The following is a detailed description of plants seven years in age as grown outdoors in a trial field in Saint-Ubalde, Québec, Canada. The phenotype of the new cultivar may vary with variations in environmental, climatic, and cultural conditions, as it has not been tested under all possible environmental conditions. The color determination is in accordance with the 2001 R.H.S. Colour Chart of The Royal Horticultural Society, London, England, except where general color terms of ordinary dictionary significance are used.

  • General description:
      • Blooming period.—Mid to late June in Québec, Canada.
      • Plant type.—Perennial fruit producing vine.
      • Plant habit.—Open, vase-shaped, and spreading.
      • Height and spread.—An average of 1.2 m in height and 220 cm in width.
      • Cold hardiness.—At least to U.S.D A. Zone 3 (with snow cover).
      • Diseases and pests.—Resistance to downy mildew (Plasmopara viticola), powdery mildew (Uncinula necator), and black rot (Guignardia bidwellii).
      • Propagation.—Hardwood cuttings (preferred) and stem cuttings.
      • Root description.—Fibrous and fine, 198D in color.
      • Root development.—An average of 21 days for root initiation with a rooted cutting produced after an average of 53 days.
      • Growth rate.—Vigorous.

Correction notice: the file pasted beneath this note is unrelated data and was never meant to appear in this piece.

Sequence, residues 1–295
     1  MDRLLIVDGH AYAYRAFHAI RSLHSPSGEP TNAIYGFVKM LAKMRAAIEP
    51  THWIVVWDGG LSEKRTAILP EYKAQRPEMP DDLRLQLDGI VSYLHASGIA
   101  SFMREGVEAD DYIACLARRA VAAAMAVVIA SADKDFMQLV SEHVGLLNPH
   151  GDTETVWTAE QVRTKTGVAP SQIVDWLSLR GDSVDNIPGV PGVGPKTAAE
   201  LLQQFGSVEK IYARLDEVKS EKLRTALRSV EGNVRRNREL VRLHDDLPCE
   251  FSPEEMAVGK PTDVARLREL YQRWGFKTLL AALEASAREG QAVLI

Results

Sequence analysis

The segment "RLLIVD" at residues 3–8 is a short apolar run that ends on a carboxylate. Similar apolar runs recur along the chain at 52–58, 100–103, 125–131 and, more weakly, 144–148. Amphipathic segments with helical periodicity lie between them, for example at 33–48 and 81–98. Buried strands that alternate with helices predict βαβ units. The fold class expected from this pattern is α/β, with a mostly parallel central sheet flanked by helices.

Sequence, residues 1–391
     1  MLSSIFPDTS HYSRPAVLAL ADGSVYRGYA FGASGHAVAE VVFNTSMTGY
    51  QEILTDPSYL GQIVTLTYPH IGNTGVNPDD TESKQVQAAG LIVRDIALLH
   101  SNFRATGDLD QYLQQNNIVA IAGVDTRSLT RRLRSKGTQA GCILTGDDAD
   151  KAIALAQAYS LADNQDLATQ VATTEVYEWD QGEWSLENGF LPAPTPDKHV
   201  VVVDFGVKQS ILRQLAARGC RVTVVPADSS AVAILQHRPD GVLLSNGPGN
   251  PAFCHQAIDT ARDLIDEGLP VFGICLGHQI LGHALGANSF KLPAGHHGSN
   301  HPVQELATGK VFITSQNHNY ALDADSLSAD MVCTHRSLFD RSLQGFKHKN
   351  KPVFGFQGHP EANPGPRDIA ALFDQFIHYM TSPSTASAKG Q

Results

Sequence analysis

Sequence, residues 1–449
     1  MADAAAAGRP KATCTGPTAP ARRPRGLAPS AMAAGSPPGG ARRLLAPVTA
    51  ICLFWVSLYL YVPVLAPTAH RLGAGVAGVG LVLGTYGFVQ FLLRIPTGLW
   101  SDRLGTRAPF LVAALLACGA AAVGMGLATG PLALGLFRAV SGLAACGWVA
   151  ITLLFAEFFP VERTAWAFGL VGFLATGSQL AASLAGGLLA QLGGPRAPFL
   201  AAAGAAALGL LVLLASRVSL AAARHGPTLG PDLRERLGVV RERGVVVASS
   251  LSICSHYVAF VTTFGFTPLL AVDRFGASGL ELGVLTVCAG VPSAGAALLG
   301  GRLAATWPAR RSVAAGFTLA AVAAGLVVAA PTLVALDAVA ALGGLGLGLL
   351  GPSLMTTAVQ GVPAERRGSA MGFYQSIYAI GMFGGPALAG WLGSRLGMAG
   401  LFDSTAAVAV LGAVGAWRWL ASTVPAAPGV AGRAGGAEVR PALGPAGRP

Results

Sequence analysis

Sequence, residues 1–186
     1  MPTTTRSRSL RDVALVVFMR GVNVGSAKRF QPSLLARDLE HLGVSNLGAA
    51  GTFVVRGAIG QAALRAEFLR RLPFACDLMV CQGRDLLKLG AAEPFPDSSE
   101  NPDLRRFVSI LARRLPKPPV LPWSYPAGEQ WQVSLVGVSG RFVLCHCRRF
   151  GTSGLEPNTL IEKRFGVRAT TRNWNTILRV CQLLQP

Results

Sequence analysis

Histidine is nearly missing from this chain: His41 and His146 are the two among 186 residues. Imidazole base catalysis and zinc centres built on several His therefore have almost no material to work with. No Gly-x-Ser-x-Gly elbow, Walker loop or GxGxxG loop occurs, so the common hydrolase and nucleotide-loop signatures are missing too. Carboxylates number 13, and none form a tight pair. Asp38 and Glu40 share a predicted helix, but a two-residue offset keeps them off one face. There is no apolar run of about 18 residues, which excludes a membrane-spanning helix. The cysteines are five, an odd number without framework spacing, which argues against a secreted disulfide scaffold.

• Stem description:
      • Branching habit.—Pruned to have four dormant main stems per trunk, with an average of 6 primary canes per dormant stem (an average of 23 primary canes per plant).
      • Stem size.—Primary canes; an average of 114.9 cm in length and 8 mm in diameter, dormant stems; and average of 18.25 cm in length and 10 mm in diameter, trunk; and average of 5 cm in length and 20 mm in diameter.
      • Stem shape.—Rounded with longitudinal striations.
      • Stem strength.—Medium.
      • Stem aspect.—Upright to horizontal.
      • Stem surface.—Smooth and slightly striated.
      • Stem color.—Growing shoots; 144A, mature canes; sun exposed surface; 178B and shade exposed surface; a blend between 144A and 146B.
      • Internode length.—An average of 13.25 cm on mature canes.
      • Stem tendrils.—Present, pattern 1, 2, etc., an average of 23.9 cm in length, 146B to 146C in color.
      • Bud.—Axillary buds are 3 mm in length and 2 mm in width, ______ in color.
  • Foliage description:
      • Leaf shape.—Ovate with an average of 3 to 5 lobes.
      • Leaf division.—Simple.